A Message from Your Bargaining Team
As you know, Bill 124 – which had previously limited our salary increases to 1% – was struck down and declared “null and void” last November by the Ontario Superior Court. The presence of Bill 124 throughout our bargaining process, however, meant that the College Employer Council (CEC) refused to negotiate increases to salary or benefits beyond 1%.
Like many Collective Agreements that were bargained since Bill 124 was first tabled in 2019, our latest contract contains provisions for reopening wage and benefit negotiations in the event that Bill 124 was overturned. Like many other unions, in the wake of the court’s decision on Bill 124, we will be returning to the table to negotiate wage increases with the employer.
The Kaplan award, which culminated our latest round of bargaining, provided a process of mediation, where the two parties can negotiate a wage remedy, should Bill 124 be found unconstitutional. We will be commencing this process on August 14, when we will meet with the CEC bargaining team with the assistance of Eli Gedalof, who will be serving as a mediator.
This mediation process will differ from the mediation/arbitration process that resulted in the Kaplan award. The reopener language in the Kaplan award speaks to mediation and not arbitration, which means the mediator’s role will be to find a wage solution that is acceptable to both parties. If a remedy cannot be reached during mediation, possible next steps will need to be considered, following consultation with Local Presidents and the Bargaining Advisory Committee.
Preface to Wage Mediation
We look forward to this opportunity to do something as a bargaining team that we were unable to do throughout the months of bargaining that led up to the Kaplan award: negotiate appropriate salary increases for the professors, instructors, counsellors, and librarians whose work enabled Ontario’s 24 public colleges to deliver quality education throughout the extraordinary disruption caused by the pandemic. It is time for the employer to come to the table and acknowledge that the record profits the colleges have posted in recent years are a result of the hard work of faculty, and to affirm that faculty are entitled to a fair share of those profits.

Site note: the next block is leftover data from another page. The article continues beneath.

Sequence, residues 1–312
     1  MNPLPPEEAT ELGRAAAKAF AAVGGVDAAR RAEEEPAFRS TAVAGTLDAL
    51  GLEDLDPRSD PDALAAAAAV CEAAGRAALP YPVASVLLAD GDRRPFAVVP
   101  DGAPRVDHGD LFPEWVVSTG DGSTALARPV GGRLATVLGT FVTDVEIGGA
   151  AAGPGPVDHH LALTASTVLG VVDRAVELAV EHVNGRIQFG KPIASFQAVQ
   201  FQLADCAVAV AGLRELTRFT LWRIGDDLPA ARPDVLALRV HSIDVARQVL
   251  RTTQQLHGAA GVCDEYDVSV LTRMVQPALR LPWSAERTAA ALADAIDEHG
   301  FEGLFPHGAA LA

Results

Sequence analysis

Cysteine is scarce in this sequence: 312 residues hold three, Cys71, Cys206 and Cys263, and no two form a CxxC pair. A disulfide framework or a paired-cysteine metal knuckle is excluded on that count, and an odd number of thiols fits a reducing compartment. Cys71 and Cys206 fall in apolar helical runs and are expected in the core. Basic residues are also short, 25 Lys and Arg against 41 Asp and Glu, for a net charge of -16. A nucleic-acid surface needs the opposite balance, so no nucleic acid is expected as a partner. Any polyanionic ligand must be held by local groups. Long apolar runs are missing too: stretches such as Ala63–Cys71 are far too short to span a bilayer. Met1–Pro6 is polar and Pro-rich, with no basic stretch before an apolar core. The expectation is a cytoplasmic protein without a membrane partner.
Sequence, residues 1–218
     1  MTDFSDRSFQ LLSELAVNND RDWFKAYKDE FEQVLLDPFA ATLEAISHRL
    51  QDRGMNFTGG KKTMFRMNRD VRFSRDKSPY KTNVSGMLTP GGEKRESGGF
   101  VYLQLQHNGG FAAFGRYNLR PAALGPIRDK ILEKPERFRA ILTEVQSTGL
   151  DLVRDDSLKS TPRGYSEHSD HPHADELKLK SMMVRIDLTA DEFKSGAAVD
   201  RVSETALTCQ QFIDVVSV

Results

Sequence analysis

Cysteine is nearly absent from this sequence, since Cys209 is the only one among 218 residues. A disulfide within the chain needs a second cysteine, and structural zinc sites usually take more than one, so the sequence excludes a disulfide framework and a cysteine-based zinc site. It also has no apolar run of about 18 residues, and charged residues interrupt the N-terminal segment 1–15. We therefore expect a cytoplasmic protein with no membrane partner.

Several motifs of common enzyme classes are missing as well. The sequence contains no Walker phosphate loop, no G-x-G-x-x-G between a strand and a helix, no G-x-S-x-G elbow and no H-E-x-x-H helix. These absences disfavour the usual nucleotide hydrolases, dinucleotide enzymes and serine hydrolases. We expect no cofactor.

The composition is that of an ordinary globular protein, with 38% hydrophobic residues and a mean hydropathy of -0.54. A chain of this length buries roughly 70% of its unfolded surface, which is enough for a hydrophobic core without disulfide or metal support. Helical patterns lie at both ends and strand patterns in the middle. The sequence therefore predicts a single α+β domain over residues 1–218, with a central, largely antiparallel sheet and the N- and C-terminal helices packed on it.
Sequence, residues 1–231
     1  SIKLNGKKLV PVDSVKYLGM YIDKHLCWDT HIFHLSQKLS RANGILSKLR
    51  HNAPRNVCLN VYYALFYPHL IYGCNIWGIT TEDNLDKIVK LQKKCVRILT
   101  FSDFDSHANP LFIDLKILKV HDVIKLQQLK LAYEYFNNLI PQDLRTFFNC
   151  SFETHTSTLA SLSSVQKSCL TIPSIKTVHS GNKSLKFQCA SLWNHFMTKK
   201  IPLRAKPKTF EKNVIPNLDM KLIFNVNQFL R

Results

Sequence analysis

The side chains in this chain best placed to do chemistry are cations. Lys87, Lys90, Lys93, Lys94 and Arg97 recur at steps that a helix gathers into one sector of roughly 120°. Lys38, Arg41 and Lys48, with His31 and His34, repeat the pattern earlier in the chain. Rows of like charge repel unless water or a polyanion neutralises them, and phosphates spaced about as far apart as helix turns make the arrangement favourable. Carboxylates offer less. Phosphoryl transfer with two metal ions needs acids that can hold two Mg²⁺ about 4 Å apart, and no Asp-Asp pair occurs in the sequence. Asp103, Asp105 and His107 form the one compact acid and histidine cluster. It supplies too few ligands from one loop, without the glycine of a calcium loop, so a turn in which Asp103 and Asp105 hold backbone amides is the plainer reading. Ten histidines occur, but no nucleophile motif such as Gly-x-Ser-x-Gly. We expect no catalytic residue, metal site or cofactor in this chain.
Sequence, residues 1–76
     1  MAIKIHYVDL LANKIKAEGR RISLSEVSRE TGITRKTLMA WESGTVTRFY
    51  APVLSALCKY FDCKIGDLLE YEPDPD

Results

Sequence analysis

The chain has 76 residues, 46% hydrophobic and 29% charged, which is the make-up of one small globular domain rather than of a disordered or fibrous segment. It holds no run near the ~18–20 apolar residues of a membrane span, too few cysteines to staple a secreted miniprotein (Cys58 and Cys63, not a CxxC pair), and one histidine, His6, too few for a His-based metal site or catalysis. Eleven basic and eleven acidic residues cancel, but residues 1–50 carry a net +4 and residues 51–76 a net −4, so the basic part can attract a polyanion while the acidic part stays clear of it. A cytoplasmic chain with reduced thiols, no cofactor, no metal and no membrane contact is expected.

While we will not be able to discuss the details of either side’s positions in this mediated process, we wanted to provide some context on the many factors that might shape members’ understanding of appropriate wage increases.
In the last ten years, Ontario’s 24 public colleges have publicly reported more than $2 billion in profits (income over expenses). On average, profits over $173 million annually have been reported since the start of the pandemic.
These multi-billion-dollar profits have one fundamental origin: the hard work of college faculty.
Setting aside the unconscionable abuse of contract faculty throughout the college system, the staggering increase in college profits during the pandemic occurred because Bill 124 artificially and unconstitutionally suppressed employees’ wages. We now know how much profit the colleges were able to make because of that unconstitutional law, and we expect the CEC to bargain in good faith to ensure that management and faculty can collaboratively arrive at a fair remedy.
As far back as 1972, the salary benchmarks for Ontario College faculty have been grounded in comparisons with Ontario’s University professors and secondary school teachers. These salary targets were further refined in a 1991 Salary and Benefits Task Force.
That Task Force concluded that the most appropriate benchmark indicator for the maximum College faculty salary is the midway point between the highest maximum salary of a teacher at an Ontario high school and the lowest maximum salary of a full professor at an Ontario university. It also concluded that negotiators should also be mindful of the Consumer Price Index (CPI).